clock menu more-arrow no yes mobile

Filed under:

Put Bruce Zimmermann on the roster, already!

The lefty has already outpitched a lot of the better-known competition this spring. Yeah, it’s just a short stretch, but the stuff he’s showing looks like the real deal.

If you buy something from an SB Nation link, Vox Media may earn a commission. See our ethics statement.

MLB: Boston Red Sox at Baltimore Orioles Nathan Ray Seebeck-USA TODAY Sports

Bruce Zimmermann has never been one of the Orioles’ sexiest prospects. You tend not to be when you’re a $10,000 “senior sign” out of college, as he was for the Braves in 2017. The O’s acquired Zimmermann in the July 2018 trade that sent Kevin Gausman and Darren O’Day to Atlanta. A 2019 season split between Bowie and Triple-A Norfolk saw the Baltimore-born lefty put up a combined 7-6 record with a 3.21 ERA and 134 strikeouts in 101.1 innings. In 2020, an iffy spring (4.70 ERA with 9 Ks in 7.2 innings) was followed by a bout with COVID-19, and then, two appearances for Baltimore in September with varied results. Today, though Zimmermann has a legitimate shot at cracking the roster, he’s not even on the Orioles Top 30 prospects list at all.

Scouts have tended to praise Zimmermann’s (two n’s, please) maturity more than his stuff. In September 2020, our own Mark Brown reported that the word on Zimmermann was: “a fully baked, pitchability backend starter with a good slider.” Parsing that language, Mark wrote:

“Pitchability” is another way to say that Zimmermann doesn’t have much velocity, so if he finds MLB success it’ll have to be in the classic “crafty lefty” mold. He is listed at 90-92 on his fastball, so he’s not quite as much of a soft-tosser as some other Orioles lefties, but he won’t be lighting up the radar guns either.

This March, Fangraphs’ Eric Longenhagen ranked Zimmermann Baltimore’s No. 28 prospect, with not exactly glowing reviews. Longenhagen praised the lefty’s “plus command” and fastball, which, if not exactly fast, “sneaks up on hitters because of its cut and carry.” Although Zimmermann has “almost robotic control” over his slider, Longenhangen felt that the pitch is often missing “real bat-missing length.” And though Zimmermann does a good job of maintaining arm speed to disguise his changeup, the pitch “lacks the movement and velocity” to miss bats consistently.

Nonetheless, this spring Zimmermann is in the thick of the competition for an Orioles rotation that looks less set by the minute. Even with few “locks” for any rotation spot, there’s still an “obvious hierarchy” when it comes to the candidates, as The Athletic’s Dan Connolly put it. Tier One is the “locks”: lefty John Means, maybe the only starter not fighting for a spot this spring. You can probably add 26-year-old righty Dean Kremer and 27-year-old lefty Keegan Akin to the pack, though Akin is having serious control issues so far.

Tier Two contains the three big-name veterans (OK, a little leeway with Wade LeBlanc, please) on minor league deals trying to show they’ve still got what it takes: LeBlanc, Félix Hernández, and Matt Harvey. Several people (including myself) have predicted that one, if not two, of the veterans will crack the rotation, just because that’s the way the front office seems to be talking about these guys . . . even though Hernández’s fastball still hasn’t touched 90, and Harvey, post-Tommy John and -TOS surgery, looks like he’s still getting reacquainted with his tools.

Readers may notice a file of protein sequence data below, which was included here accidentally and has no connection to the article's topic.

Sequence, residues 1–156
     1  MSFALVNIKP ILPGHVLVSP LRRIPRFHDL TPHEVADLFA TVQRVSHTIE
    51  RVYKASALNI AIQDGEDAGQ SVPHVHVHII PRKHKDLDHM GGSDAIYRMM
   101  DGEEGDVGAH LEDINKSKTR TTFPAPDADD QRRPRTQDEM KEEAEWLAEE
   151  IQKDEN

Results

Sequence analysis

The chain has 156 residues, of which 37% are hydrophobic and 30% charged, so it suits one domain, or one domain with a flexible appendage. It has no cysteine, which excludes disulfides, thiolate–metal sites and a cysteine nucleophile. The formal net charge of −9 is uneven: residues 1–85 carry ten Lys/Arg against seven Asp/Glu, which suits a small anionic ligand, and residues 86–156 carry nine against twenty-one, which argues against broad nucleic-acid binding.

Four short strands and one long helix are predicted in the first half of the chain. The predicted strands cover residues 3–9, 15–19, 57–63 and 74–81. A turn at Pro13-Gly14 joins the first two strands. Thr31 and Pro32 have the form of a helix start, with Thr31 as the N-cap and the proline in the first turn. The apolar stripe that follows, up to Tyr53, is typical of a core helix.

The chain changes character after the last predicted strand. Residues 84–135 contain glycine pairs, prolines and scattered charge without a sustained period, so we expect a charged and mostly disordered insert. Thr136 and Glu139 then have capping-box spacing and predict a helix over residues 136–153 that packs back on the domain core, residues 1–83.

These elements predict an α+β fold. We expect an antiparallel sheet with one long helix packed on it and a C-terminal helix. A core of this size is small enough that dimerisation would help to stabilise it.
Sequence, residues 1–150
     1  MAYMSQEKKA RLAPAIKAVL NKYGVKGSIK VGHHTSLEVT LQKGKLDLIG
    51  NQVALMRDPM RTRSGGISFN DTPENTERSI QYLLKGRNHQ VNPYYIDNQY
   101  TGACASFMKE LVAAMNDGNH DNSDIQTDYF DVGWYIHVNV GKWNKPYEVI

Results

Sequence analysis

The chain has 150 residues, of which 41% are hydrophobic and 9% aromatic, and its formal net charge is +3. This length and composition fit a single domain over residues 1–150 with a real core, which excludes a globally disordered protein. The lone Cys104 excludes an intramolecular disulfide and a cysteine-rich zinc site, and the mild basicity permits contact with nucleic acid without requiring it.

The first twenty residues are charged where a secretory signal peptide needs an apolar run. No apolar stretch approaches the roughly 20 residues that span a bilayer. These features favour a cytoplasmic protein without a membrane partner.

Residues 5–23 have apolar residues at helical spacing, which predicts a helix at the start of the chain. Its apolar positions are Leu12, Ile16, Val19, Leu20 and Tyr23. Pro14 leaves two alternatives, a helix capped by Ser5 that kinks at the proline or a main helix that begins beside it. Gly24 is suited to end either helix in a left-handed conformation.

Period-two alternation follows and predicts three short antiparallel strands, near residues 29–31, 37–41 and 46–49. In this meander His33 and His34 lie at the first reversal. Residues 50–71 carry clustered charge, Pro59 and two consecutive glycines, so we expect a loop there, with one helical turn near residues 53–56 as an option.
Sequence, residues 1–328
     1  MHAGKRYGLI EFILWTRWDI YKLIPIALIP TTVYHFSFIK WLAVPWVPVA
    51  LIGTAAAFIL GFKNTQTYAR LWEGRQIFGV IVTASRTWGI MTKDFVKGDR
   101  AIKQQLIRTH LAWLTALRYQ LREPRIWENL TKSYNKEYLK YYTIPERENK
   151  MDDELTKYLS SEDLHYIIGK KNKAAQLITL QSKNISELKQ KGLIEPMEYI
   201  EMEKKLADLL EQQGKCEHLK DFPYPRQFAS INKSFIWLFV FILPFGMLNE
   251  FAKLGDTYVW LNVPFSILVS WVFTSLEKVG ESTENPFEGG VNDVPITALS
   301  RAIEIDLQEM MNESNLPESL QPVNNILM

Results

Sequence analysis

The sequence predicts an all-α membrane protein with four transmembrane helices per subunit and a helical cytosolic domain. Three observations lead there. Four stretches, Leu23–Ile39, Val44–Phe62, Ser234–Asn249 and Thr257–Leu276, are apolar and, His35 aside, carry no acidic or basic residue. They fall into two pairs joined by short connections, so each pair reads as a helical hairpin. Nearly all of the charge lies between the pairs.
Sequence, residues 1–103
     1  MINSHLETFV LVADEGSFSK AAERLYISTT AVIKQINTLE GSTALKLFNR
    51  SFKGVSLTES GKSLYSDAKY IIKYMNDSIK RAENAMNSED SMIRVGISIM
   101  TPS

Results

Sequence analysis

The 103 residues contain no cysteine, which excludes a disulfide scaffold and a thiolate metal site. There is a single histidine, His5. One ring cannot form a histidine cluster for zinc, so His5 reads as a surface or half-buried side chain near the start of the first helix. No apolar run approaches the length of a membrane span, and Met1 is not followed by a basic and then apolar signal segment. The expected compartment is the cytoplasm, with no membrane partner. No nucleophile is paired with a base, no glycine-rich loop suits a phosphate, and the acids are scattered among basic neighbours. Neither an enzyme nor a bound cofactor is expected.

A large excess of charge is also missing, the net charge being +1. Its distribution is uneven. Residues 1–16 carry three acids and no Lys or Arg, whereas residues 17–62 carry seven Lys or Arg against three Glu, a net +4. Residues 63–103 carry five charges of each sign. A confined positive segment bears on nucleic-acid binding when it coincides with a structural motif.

Then there’s Tier Three, the marginal arms whose jerseys people aren’t exactly rushing out to buy: Jorge López, Tom Eshelman, the Rule 5 guys and prospects like Zac Lowther and Mike Baumann (great arms, these last two, but untested, which means Triple-A for at least a couple months). And, of course, there’s Zimmermann himself.

Although manager Brandon Hyde has repeated—with good reason—that the state of the competition is too early to assess, I hope he’s seeing what some of the rest of us are.

We don’t have the peripheral stats on Zimmermann’s stuff this spring, but there are some signs it’s on the up. Not only did the fastball reportedly hit 95 mph in Zimmermann’s last outing, but check out the break on this slider (remember, one of Fangraphs’ concerns was that the slider lacked the “length” to fool hitters).

Maybe the second n in Zimmermann does stand for “nasty.” So far, Zimmermann is having arguably one of the best springs of any Orioles pitcher. Against the Red Sox, Zimmermann faced seven batters in relief and retired six of them, four via strikeout. On Tuesday, against a full-strength Twins lineup, Zimmermann did not allow a hit in two scoreless, striking out two while walking one. Opposing batters are 1-for-16 (.063) against him this spring. After Tuesday’s dominant outings by both starter Dean Kremer and Zimmermann, manager Hyde said, “I thought that both guys pounded the strike zone, which is what we’ve been talking about. They both had really good fastballs today, both up to 95-96 mph, averaging around 94, really good life to it.”

Besides the strong performances, there are a few other things in Zimmermann’s favor as he tries to crack the rotation. The local connection helps. He’s available for long relief, as he showed last season. Being a lefty doesn’t hurt, either, with many right-handed rotation candidates he could presumably follow in relief. He still has minor-league options left, and flexibility in the staff is something this team desperately needs.

Yes, Zimmermann remains a little green, and yes, two good spring outings prove exactly nothing. Plus this team is stretching out enough veterans to fill a roster with alone. Still, stuff-, confidence-, and results-wise, Zimmermann is outperforming those more experienced arms, and showing enough that he needs to be in the conversation. Swingman, sixth starter, whatever Hyde wants. But I do hope they’ll make a spot for Bruce Zimmermann on the 26-man roster in 2021.